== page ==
There are a whole ton of new specimens of Hemicalypterus weiri in your paper–what has happened to give us this new bounty of scientific information?
SG: Hemicalypterus fossils are mostly found in southeastern Utah in the Chinle Foration. When fish fossils were discovered in the Chinle in Utah in the mid-20th century, it was kind of by accident. USGS Geologists were exploring for uranium deposits, and documented fish fossils in some layers. The American Museum of Natural History and the Smithsonian National Museum of Natural History made a big push in the 1950s and 1960s to collect and describe fishes and other fossils from the area. But more recently there has been a strong, collaborative effort to thoroughly assess and document the geology and biodiversity of the Chinle Formation in Utah and how it all relates to other Chinle Formation deposits elsewhere. Researchers from the University of Utah, the St. George Dinosaur Discovery Site at Johnson Farm (in St. George, Utah), Petrified Forest National Park, and other institutions, have been going out to southeastern Utah to survey, map, and collect fossils from this region. I’m lucky to be the resident fishy person in this collaboration! The work has produced hundreds of fish fossils, and in addition to my work on Hemicalypterus, I’ve described a new genus and two new species of semionotid fishes (Lophionotus sanjuanensis and L. chinleana), and am currently working with colleages, as well as for my own dissertation, on other fishes from the sites. There’s a lot of cool fishy critters to come!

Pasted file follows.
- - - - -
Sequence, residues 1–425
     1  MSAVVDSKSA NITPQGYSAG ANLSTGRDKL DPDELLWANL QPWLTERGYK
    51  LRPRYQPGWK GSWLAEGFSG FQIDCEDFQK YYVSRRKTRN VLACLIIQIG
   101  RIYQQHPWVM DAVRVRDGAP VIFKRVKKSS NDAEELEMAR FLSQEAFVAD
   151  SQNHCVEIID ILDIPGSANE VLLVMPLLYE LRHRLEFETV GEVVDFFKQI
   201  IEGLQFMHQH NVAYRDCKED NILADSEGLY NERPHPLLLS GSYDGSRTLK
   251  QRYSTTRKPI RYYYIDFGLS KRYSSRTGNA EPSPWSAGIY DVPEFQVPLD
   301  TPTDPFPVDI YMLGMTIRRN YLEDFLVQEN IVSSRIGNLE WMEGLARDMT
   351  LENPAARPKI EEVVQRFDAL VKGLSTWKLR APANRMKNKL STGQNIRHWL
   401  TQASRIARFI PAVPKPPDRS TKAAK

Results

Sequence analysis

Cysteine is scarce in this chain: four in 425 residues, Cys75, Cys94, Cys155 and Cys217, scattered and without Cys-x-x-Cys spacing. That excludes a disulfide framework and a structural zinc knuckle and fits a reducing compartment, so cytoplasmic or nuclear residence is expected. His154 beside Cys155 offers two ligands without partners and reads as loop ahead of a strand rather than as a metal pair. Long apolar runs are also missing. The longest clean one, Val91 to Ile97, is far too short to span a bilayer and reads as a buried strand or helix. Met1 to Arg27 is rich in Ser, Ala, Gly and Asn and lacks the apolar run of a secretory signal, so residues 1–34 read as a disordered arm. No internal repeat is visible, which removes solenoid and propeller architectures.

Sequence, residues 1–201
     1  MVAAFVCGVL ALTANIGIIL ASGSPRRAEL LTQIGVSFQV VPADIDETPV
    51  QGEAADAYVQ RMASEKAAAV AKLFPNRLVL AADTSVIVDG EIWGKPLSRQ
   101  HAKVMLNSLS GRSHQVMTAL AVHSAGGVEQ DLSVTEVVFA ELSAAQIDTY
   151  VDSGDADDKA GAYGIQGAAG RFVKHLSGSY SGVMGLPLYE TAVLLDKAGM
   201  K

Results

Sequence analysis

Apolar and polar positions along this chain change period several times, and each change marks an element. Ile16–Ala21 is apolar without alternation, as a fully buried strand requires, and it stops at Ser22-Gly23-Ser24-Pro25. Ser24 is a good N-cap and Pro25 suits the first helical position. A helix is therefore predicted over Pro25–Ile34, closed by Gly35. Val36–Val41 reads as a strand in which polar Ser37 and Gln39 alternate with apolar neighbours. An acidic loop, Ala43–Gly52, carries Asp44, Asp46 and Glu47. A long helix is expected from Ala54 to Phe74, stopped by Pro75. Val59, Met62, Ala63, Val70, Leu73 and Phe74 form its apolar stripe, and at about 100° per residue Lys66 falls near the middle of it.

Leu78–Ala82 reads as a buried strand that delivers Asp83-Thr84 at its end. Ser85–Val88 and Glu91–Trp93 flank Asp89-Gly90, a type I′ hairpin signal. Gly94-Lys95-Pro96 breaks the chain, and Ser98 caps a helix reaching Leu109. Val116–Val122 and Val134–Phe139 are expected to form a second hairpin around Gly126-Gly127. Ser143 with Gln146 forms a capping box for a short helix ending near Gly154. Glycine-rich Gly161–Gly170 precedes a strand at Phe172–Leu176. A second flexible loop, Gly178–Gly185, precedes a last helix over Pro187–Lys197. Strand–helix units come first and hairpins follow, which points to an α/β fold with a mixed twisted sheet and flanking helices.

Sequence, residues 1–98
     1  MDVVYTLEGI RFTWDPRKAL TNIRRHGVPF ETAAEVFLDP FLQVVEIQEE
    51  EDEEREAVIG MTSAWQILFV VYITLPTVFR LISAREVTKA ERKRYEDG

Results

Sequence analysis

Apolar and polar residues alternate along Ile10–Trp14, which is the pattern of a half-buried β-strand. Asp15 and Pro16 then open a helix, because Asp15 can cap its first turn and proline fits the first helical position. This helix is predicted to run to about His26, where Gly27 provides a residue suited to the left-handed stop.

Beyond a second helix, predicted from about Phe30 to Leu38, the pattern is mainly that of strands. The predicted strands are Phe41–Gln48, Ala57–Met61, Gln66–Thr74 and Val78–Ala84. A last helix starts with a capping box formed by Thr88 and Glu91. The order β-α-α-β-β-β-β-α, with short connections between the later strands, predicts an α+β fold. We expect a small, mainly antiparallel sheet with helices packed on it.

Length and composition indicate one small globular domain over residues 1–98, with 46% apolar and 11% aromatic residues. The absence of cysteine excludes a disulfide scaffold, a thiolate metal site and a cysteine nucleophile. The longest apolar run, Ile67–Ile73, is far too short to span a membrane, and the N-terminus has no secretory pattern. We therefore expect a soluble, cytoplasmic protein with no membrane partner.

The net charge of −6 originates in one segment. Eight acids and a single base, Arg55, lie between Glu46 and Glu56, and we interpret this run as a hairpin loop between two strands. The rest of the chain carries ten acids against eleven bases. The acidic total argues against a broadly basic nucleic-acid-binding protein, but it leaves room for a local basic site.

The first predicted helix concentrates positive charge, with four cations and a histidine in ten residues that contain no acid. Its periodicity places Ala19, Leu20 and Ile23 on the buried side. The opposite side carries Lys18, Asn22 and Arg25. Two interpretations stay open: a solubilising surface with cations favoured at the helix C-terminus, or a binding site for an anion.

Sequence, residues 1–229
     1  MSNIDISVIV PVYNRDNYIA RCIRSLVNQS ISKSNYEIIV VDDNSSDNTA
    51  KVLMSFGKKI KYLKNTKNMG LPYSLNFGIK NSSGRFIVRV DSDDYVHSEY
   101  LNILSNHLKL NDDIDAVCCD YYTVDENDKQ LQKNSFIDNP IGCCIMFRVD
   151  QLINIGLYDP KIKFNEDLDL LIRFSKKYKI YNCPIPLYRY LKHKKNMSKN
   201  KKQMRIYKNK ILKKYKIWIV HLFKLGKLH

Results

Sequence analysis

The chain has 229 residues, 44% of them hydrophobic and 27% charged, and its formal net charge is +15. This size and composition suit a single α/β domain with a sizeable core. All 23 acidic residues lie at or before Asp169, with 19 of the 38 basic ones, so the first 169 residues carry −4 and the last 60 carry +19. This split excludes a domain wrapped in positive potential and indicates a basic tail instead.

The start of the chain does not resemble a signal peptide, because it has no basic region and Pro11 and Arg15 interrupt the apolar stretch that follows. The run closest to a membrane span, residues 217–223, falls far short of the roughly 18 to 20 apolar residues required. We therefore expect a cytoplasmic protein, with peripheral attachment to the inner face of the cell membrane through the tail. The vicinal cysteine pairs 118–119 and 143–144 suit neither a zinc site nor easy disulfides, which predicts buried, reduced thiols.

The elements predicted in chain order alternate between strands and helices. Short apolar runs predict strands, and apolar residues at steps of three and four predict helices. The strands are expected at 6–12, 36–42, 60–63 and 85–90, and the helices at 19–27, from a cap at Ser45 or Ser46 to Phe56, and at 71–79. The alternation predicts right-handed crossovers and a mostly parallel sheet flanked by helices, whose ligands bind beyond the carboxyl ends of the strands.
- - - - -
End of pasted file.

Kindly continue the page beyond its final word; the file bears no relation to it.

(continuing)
One thing I’ve always wondered is why some paleontologists put that little dagger or cross in front of their extinct study taxa. But, at least in dinosaurs (and most mammal papers I’ve read), it’s not really common practice. Why are fish workers so weird? Is it a cultural thing?